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Organizations that represent county and municipal leaders in New Jersey are urging Gov. Phil Murphy to provide immediate financial relief for the estimated $350 million in local health benefit cost increases recently approved by the State Health Benefits Commission (SHBC).

The coalition of 11 local government organizations said Thursday that without financial help to cushion the blow, county and municipal governments will have to pass on the higher health plan costs they pay for public employees. They warned of “certain property tax rate hikes, cuts in essential services, and the furlough or layoff of employees.”

“The administration and public sector labor unions representing most State employees reached an agreement whereby state employees will see health benefit rate increases of only 3% with the state to absorb the additional costs,” the statement said. “Unfortunately, the agreement does not include counties and municipalities participating in the State Health Benefits Program (SHBP) nor has the state changed the plan design to achieve any savings at the local level.”

Similarly, the New Jersey Council of Community Colleges reiterated its call for the Murphy administration to provide financial relief to offset a 15.1% premium increase for the School Employees Health Benefits Plan (SEHBP) that affects the state’s 18 community colleges.

NJCCC President Aaron Fichtner, Ph.D., said the $14 million health benefits premium increase will cost community colleges $12 million, and community college employees $2 million.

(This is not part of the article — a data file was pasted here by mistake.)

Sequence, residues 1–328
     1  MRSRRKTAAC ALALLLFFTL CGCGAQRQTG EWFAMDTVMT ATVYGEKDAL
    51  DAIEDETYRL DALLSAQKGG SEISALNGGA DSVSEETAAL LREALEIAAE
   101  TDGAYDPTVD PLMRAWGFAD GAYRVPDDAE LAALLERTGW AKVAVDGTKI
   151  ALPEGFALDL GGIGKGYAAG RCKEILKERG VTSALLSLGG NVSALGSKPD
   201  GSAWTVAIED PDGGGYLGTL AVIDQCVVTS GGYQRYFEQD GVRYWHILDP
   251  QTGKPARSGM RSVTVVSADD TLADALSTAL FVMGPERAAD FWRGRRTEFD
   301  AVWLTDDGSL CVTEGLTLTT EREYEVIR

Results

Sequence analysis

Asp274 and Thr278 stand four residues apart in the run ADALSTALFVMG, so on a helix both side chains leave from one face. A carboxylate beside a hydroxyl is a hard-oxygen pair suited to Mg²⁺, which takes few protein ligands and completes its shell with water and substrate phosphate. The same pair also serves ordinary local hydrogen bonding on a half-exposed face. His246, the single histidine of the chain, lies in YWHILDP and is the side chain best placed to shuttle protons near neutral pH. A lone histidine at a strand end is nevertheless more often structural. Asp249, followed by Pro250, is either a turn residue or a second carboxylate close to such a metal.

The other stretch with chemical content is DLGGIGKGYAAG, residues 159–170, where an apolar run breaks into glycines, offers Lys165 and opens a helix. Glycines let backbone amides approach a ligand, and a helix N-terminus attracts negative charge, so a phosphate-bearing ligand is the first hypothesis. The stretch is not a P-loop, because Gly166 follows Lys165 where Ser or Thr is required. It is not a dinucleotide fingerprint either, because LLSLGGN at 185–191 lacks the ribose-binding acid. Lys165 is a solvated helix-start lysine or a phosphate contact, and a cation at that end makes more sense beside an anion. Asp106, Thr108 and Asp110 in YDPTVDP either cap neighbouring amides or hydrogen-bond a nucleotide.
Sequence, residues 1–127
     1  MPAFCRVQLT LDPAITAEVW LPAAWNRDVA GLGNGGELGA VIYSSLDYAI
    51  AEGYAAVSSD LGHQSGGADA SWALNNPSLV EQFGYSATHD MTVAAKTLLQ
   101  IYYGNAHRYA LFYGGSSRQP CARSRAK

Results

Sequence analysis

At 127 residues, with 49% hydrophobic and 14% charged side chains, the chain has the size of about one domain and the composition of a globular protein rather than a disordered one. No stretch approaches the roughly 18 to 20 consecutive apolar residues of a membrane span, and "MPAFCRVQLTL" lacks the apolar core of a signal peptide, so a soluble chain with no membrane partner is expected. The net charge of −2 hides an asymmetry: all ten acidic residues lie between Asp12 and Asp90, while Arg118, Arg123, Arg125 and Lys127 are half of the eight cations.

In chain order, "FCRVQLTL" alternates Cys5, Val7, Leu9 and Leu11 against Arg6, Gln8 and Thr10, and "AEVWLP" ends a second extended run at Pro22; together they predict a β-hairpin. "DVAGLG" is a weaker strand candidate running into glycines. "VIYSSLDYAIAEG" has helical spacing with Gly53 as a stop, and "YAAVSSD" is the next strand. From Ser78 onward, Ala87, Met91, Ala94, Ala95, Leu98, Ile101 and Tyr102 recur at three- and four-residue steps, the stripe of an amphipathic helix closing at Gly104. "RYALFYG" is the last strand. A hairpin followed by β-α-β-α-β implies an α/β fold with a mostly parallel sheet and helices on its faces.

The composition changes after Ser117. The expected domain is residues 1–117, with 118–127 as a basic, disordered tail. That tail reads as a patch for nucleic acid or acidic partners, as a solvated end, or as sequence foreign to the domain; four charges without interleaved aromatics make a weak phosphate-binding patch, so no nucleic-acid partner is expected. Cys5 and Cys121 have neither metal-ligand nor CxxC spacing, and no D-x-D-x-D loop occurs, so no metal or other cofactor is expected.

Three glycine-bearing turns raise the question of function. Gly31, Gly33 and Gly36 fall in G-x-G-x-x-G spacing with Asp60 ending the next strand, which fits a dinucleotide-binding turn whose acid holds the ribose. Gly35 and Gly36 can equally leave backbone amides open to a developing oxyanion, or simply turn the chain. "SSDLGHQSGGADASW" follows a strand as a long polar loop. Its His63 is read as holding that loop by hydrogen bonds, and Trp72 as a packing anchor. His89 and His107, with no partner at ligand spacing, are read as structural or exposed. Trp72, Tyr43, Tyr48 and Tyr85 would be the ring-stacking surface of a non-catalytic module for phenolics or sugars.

“We call on Governor Murphy and the Legislature to use stimulus funding or other revenue sources to offset this mid-year increase so our colleges can continue to focus on helping students improve their lives and the lives of their families,” Fichtner said.

The NJCCC is also pressing for other reforms to be enacted to make the health benefits process more inclusive and transparent in the future, including passage of legislation expanding the School Employees Health Benefits Commission to include a member nominated by NJCCC.

The coalition of county and municipal government officials also said it wants structural reforms and membership changes made to the State Health Benefits Commission.

“Any immediate relief must be accompanied by long-term structural reforms enacted by the state Legislature, such as adopting referenced based pricing to effectively manage costs, incentivizing employees to select lower cost plan designs, modifying co-pays for specialists and urgent care to further reduce long-term expenses, and implementing other innovative cost containment measures,” the coalition statement said.

“Given this year’s rate approval process, the Legislature must also provide local governments with a voice on the SHBC as it would undoubtedly improve the Commission’s responsibility to report annual rate hikes to all stakeholders in a more accurate, transparent, and timely manner,” the coalition said.

The members of the local government organizations coalition include:

  • New Jersey Association of Counties (NJAC)
  • New Jersey State League of Municipalities (NJLM)
  • New Jersey Conference of Mayors (NJCM)
  • New Jersey Urban Mayors Association (NJUMA)
  • New Jersey Municipal Management Association (NJMMA)
  • Government Finance Officers Association of New Jersey (GFOA)
  • New Jersey Association of County Finance Officers (NJACFO)
  • New Jersey Association of County Administrators (NJACA)
  • New Jersey Association of County and City Health Officials (NJACCHO)
  • Southern New Jersey County Commissioners Association (SNJCCA)
  • Constitutional Officers Association of New Jersey (COANJ)